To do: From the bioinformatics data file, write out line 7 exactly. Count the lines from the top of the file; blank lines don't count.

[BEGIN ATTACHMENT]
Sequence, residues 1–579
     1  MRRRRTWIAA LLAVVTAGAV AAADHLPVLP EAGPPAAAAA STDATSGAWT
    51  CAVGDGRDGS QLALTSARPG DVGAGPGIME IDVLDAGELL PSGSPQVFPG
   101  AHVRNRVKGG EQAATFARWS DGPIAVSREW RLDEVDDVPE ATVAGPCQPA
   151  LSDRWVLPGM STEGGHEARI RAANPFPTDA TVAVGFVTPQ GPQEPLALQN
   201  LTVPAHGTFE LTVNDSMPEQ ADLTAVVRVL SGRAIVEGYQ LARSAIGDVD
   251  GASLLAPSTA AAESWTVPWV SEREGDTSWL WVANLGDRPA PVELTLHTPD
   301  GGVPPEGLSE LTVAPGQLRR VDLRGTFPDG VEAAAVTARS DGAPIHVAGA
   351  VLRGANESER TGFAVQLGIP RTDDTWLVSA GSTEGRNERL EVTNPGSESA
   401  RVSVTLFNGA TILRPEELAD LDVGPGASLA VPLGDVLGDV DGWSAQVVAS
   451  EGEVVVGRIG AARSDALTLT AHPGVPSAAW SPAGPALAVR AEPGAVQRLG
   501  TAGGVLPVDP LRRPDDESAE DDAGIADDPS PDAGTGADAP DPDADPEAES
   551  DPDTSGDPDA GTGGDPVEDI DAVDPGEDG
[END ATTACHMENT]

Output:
   251  GASLLAPSTA AAESWTVPWV SEREGDTSWL WVANLGDRPA PVELTLHTPD